They say that Jorgen Jorgenson was the first European to lay eyes on the Walls of Jerusalem. Jorgenson, the Danish-born explorer, was employed by the Van Diemen’s Land Company to try and find a route through the centre of Tasmania. He found no easy passage. Now the island is fully mapped, we know that there is none; that all throughout the centre, the west, and the south, Tasmania is made up of protrusions of dolerite mountains, countless of them, now named after Greek mythologies or biblical toponyms, Pelion and Olympus, King David’s Peak and Solomon’s Throne, Jerusalem.
To get to the Walls of Jerusalem, you scramble up a steep slope onto an altiplano. To the east and the west, mountains rise like walls around you, as a track passes through spiky scoparia bushes, beneath stands of pencil pines over a thousand years old. The landscape seems Jurassic. Strange grasshoppers skip erratically; skinks’ shadows melt between the boulders.
Jorgenson managed to spend a lot of time in the bush, between his other employments of writing treatises and working for the police. He saw the harshest side of the wilderness: a rushing river swept away one of his colleagues before his eyes. One night in the Walls of Jerusalem, he watched a log burning in its middle with snow still fixed firmly at each end, so cold it was. But he was drawn to the bush. There was something magnetic about the brightness of the stars in the dark, the little movements of birds in the bushes, the exhaustion of climbing a mountain, the exhilaration of walking with complete freedom – without restraint.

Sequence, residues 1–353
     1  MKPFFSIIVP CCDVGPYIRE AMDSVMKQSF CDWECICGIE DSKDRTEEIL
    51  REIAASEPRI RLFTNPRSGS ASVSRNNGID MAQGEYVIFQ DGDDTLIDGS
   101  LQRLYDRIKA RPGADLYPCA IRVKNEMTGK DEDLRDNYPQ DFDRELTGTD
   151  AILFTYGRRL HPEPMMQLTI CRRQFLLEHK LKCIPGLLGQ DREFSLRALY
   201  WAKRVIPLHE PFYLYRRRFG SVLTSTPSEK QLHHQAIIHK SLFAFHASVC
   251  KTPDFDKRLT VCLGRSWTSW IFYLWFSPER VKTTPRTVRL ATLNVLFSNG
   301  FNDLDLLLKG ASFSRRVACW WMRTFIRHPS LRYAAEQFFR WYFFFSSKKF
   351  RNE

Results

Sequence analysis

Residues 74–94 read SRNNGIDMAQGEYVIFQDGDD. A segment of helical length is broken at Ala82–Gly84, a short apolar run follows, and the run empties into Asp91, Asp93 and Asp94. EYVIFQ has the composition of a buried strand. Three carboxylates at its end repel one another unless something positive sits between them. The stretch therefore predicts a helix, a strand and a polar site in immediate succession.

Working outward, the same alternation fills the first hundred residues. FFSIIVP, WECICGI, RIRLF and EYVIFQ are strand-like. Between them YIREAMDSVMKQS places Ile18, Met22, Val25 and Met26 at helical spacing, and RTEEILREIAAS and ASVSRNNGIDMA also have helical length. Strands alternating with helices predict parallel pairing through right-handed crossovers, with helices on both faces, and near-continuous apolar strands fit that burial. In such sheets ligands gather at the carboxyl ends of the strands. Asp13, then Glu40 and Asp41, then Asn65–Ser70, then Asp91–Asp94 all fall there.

There are days when I feel like Jorgen Jorgenson and I could have had a good conversation, sitting outside our tents by what is now called Lake Adelaide, pausing with pen poised over a journal as mosquitoes buzzed around us. Perhaps we would talk about politics or religion; perhaps we would yarn about the adventures we’d been on, the places we’d seen. I suppose we would talk about women, at some point. Jorgen might remember the Scottish girl with whom he was almost married, or the Bavarian belle who embarrassed him at a ball. Who knows what bullshit I’d tell him.
An explorer, a seaman and something of a revolutionary, Jorgen Jorgenson also turned out to be somewhat romantic. He fell in love with an Irish convict, a drunk prostitute named Norah, and they got married in a church in New Norfolk, southern Tasmania. It was almost the death of him. That’s another thing we might have discussed, had Jorgen and I somehow found ourselves on a bushwalk somewhere, some time ago.
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